By providing your students with a makerspace in your classroom, you’re inspiring them to become creators, rather than consumers of education. A makerspace takes the knowledge students have acquired and redirects it into action. It helps students to make their own inquiries and allows their curiosity to guide them. A makerspace allows students to develop critical skills such as:
- Critical Thinking
But is it really possible to create an effective makerspace in your classroom? It is, and we’re going to tell you how to do it.
Every classroom is different, and the materials you provide in your makerspace will likely change depending on what you are teaching at the time. Here’s a few examples of some of the materials that we recommend you include in your makerspace:
- Recyclable materials, such as cardboard, plastic bottles, and jars
- Tape (Duct, Scotch, Electrical, etc)
- Blocks, Legos
- Fabric, String, & Yarn
- Old Electronics
If you can afford to invest in some of the nicer stuff, such as 3D printers or littleBits, that’s great; but it’s not necessary to have those things to create an engaging makerspace.
You won’t be able to afford all the materials you’d like to have at once, and that’s okay. Ask parents for donations and you’ll be surprised at how many materials you’ll be given. You may also consider renting expensive equipment for specific units.
Finding space in your classroom may be a challenge, but with some creative thinking you can find a way to make it work. Setting aside a dedicated space for students to work on projects is important, so try to set everything up in a specific corner so there is one dedicated area in your classroom.
Some things to keep in mind:
- Make sure all students are physically able to access the makerspace.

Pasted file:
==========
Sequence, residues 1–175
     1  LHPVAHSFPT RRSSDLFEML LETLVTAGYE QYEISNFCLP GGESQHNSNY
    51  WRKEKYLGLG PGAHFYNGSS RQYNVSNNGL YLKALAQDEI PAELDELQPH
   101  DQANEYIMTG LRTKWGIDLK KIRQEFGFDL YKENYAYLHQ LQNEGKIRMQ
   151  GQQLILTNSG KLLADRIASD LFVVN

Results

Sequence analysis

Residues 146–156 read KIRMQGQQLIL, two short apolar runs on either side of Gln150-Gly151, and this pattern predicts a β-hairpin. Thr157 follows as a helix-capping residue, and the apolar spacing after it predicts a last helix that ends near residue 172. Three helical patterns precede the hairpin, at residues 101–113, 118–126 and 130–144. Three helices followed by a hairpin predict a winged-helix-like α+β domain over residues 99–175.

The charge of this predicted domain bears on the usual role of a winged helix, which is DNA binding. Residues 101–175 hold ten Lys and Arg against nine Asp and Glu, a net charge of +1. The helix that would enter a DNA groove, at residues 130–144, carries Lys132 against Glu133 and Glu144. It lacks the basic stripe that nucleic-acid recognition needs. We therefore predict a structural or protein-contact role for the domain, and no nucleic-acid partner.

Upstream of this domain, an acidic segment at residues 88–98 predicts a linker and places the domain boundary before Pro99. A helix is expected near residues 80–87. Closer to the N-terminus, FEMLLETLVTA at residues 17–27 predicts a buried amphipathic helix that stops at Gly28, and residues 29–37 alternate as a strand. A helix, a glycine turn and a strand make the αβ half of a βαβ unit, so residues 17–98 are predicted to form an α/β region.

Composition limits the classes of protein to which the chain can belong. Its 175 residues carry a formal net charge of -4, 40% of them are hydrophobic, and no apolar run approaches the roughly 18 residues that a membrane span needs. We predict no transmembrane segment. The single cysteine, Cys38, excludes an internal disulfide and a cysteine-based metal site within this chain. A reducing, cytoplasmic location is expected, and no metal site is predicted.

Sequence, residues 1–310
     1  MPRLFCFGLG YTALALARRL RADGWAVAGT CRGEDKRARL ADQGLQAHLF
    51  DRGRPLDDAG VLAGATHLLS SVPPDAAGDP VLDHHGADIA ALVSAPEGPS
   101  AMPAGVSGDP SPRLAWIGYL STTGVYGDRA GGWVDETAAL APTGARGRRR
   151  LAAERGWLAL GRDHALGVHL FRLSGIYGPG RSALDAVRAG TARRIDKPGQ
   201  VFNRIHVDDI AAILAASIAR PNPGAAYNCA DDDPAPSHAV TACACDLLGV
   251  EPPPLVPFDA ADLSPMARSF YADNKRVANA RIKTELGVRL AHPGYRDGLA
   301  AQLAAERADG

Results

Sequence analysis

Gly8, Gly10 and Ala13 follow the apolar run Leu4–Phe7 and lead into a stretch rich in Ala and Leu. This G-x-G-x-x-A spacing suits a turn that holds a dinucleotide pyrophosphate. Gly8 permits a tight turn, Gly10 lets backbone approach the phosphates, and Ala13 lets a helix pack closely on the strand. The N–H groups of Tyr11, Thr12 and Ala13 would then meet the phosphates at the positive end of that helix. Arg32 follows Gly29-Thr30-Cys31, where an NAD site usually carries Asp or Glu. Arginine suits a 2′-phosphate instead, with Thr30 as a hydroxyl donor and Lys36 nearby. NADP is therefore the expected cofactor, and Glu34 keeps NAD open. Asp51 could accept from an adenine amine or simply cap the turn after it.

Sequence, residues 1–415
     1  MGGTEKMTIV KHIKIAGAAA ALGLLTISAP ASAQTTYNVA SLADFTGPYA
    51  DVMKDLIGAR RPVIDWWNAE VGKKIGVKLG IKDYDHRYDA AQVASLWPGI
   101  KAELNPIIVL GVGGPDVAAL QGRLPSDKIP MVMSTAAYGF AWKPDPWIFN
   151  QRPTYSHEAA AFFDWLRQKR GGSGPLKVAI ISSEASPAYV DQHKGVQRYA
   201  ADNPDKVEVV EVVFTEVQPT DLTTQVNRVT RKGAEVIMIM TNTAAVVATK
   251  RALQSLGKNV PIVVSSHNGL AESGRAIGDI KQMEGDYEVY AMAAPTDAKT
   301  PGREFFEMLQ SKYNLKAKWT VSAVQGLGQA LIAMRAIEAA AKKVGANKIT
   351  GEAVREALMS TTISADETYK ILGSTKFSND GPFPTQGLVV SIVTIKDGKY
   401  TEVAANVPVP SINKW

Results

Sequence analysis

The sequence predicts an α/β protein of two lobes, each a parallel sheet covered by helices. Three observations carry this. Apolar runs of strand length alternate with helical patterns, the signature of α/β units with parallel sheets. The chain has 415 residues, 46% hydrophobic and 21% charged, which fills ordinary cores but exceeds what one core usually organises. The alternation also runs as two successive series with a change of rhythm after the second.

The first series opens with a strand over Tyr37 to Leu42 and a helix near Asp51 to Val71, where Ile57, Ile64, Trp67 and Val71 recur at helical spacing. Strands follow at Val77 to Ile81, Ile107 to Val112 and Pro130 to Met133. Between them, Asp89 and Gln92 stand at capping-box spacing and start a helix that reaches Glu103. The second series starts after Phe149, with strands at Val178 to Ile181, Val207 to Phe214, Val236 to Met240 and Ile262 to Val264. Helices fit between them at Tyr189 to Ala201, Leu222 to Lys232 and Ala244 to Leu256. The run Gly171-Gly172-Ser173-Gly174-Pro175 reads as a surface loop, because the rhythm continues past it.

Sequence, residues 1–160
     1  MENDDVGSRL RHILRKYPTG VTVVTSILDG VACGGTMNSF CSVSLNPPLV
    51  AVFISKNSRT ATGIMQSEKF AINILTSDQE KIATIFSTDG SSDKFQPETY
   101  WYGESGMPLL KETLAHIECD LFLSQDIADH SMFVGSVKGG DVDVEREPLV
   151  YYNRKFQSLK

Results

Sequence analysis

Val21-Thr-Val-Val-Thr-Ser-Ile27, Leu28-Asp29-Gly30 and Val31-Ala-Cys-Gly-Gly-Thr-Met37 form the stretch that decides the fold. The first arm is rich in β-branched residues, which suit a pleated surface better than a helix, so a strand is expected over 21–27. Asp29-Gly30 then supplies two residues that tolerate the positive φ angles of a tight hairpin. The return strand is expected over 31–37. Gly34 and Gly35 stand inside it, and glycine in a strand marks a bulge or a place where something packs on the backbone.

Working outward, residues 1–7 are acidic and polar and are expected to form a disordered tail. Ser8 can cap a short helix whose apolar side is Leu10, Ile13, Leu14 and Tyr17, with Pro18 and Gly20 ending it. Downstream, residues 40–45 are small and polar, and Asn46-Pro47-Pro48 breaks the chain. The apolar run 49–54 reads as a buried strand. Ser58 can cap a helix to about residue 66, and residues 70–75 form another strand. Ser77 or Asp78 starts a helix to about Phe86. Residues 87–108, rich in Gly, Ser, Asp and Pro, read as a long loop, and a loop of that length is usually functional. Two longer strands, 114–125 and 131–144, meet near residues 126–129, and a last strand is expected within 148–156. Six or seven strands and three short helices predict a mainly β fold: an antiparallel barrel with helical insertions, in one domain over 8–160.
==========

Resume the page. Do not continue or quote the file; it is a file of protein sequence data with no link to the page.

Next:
- Give students access to electricity in case it is needed for tools.
- Have garbage cans and recycling bins nearby to reduce mess.
- There should be an easy, efficient storage solution in place to hold maker materials.
- Have flexible seating options so that moving around for different projects is easier.
If space is an issue, consider reserving your makerspace for supply storage and specific tasks. Many maker projects can be done at desks, so this can be a good compromise.
So you have the materials and you have the space, but how do you actually get students to start using the makerspace?
Luckily students tend to gravitate towards makerspaces. They like to tinker with things, especially materials they may not see on a regular basis. With the right materials your students are able to create something new. Give your students freedom to come up with their own projects. The point of a makerspace is for students to use their curiosity to create.
Beyond that, we recommend presenting students with design challenges to help jumpstart their creativity. When you utilize design challenges, you are giving your students deadlines, focus, and giving them a chance to present their prototypes. Come up with your own challenges based on your curriculum or search online for design challenges.
We’d love to see your makerspaces! Share yours in the comments!